My sister! I thought as she stepped toward me.  Just then, a man approached walking down the sidewalk toward the restaurant. He seemed a little hurried but there is no way he did not see my sister approaching.   He reached the door just ahead of her, swung it open, walked through…and let the door slam shut in her face!

I was shocked!  Again, this is the south and good manners are expected. Letting the door close on a woman is inexcusably rude!  There was an audible gasp in the restaurant. Obviously, I wasn’t the only one who saw what happened. 

The sister, more than surprised I’m sure, hesitated for a fraction of a heartbeat then  proceeded to the door. She opened it wide and stepped in.  She removed her shades revealing a slight sheen of perspiration around her eyes. 

Our eyes met. “That was so rude and disrespectful!” she stated quietly. 

“Yes, it was,” I responded. I shook my head a bit in sympathy as she walked on. A few seconds later, I heard the gentleman seated in the booth behind me say, “That was rude, ma’am. I wouldn’t have done that. Some of us do have manners!”

I didn’t turn around but I smiled to myself because that gentleman had just saved the day for my sister…and me too. 

We Don’t Need Another Hero?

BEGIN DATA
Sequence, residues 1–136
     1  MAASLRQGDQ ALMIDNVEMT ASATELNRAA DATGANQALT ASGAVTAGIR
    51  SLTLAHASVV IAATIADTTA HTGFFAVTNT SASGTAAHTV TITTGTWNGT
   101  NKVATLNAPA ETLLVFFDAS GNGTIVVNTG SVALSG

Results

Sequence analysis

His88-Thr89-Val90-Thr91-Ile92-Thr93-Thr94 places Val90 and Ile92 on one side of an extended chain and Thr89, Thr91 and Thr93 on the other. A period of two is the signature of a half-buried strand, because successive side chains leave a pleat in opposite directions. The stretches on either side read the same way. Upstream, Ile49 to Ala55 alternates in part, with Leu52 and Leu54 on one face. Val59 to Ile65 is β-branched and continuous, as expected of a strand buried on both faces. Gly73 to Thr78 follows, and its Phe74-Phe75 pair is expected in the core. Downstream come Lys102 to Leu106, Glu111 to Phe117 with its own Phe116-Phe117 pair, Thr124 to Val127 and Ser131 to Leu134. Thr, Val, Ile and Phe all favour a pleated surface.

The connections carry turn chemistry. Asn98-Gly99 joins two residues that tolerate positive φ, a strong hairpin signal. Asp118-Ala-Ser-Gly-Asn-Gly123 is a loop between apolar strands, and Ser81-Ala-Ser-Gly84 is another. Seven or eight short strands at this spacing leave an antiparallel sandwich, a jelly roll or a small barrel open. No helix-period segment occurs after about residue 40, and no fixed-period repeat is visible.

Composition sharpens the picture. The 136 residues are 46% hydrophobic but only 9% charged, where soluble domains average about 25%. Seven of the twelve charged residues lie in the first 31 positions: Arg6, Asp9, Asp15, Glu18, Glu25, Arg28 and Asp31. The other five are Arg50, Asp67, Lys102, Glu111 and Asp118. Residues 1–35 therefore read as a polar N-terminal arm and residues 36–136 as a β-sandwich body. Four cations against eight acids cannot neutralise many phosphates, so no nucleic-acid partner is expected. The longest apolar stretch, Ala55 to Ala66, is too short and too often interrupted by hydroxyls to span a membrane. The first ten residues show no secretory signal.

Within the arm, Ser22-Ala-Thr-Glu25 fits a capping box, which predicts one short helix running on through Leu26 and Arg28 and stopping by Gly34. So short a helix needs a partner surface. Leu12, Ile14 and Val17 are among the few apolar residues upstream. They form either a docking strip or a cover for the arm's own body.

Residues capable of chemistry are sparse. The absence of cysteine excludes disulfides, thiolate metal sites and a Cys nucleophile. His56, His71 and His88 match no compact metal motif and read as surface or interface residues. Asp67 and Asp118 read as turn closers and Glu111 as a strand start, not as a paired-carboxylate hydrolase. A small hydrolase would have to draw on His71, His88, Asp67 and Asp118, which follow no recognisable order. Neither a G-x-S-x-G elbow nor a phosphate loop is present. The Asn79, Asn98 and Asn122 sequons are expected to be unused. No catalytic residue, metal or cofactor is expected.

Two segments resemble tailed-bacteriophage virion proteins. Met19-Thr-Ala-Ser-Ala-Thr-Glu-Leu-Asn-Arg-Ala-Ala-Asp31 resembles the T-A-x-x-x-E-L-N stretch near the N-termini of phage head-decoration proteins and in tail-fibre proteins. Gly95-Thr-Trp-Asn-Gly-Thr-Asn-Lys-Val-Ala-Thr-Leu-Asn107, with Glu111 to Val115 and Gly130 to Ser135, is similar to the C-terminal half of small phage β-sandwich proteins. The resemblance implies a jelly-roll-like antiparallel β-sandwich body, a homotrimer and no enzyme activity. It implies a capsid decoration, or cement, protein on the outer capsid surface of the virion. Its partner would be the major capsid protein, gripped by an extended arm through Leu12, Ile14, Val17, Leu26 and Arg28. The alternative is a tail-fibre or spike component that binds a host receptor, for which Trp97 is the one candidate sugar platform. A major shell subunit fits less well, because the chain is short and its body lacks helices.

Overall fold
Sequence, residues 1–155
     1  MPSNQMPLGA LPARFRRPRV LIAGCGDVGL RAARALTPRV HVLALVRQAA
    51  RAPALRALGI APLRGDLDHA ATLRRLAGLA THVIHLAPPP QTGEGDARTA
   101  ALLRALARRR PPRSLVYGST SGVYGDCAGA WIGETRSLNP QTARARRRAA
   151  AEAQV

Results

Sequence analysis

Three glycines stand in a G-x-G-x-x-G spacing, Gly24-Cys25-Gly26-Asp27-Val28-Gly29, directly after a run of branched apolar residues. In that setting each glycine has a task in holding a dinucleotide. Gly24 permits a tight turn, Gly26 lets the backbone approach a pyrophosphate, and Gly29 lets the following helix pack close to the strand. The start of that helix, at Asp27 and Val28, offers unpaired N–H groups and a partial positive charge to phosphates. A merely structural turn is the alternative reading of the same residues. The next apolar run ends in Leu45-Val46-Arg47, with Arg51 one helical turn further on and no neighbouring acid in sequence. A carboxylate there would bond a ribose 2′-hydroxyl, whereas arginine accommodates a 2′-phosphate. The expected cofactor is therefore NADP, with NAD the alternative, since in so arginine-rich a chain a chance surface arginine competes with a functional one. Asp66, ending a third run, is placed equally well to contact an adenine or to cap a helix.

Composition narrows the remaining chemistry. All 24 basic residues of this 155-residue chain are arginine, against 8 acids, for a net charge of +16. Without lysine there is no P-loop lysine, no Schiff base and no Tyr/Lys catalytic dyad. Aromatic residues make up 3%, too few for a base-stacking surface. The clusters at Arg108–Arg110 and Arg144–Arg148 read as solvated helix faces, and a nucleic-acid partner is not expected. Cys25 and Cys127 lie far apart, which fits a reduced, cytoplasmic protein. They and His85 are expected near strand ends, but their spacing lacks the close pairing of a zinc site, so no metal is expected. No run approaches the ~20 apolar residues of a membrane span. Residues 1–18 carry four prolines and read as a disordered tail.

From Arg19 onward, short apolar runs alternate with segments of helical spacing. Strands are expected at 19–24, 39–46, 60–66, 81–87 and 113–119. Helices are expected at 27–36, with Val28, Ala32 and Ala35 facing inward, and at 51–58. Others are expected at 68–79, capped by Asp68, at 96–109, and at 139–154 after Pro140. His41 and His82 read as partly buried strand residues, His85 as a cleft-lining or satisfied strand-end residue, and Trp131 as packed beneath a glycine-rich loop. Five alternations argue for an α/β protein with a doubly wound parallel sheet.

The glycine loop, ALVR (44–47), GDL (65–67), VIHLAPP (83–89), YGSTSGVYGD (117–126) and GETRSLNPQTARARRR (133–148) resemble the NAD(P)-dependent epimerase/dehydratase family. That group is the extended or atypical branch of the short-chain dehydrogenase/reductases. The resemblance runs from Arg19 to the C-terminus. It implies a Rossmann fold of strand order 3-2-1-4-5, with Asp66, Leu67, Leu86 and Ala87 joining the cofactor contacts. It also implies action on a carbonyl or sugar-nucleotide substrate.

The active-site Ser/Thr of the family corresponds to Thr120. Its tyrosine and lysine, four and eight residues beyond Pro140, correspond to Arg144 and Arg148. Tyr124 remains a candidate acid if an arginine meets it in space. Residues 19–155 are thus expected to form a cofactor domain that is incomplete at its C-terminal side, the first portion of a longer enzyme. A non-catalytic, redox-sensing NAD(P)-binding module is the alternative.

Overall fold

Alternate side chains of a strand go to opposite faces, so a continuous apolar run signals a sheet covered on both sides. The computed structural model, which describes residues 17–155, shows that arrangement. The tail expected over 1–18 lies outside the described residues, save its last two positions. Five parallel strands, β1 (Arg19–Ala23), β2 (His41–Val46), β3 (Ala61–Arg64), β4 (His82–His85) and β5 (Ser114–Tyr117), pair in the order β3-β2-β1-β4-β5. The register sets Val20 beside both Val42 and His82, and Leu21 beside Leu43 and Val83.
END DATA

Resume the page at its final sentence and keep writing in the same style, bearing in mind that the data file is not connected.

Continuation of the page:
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Yes, I was listening to the song by Tina Turner. It seems to come on the radio when everything seems kind of bleak.  It’s an instant pick me up.  Downright anthem-ish.

I really got into that song today for some reason I cannot readily identify.

We don’t need another hero,
We don’t need to know the way home,
All we want is life beyond the Thunderdome.

We could find something to love about those lyrics? Isn’t that just the kind of music you like to ride with?  You know when you’re driving along and have your dark shades on, AC blasting and you’re on your way back to work after lunch. And you really don’t feel like going back to work.  As a matter of fact, you’d rather go almost anywhere than back to work.

So’s Tina sang to me. Made me imagine myself in that metal mesh and wire  ThunderDome outfit she wore as Aunty Entity in Mad Max Beyond the Thunderdome.  So I walked in the office with that music playing in my head like my own private theme song.

And made it through the rest of the day. Thank you, Aunty Entity!

For Colored Girls — My Two Cents

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I had heard a while ago that Tyler Perry was going to produce For Colored Girls and I was not happy.  I mean, this work of art was an icon of my very young adult hood.  The play and its characters meant something to me.  I knew them and they were me.  I had read the  prose poem until I knew parts of it verbatim.   So, when I heard that Tyler Perry was going to do the movie, I had issues.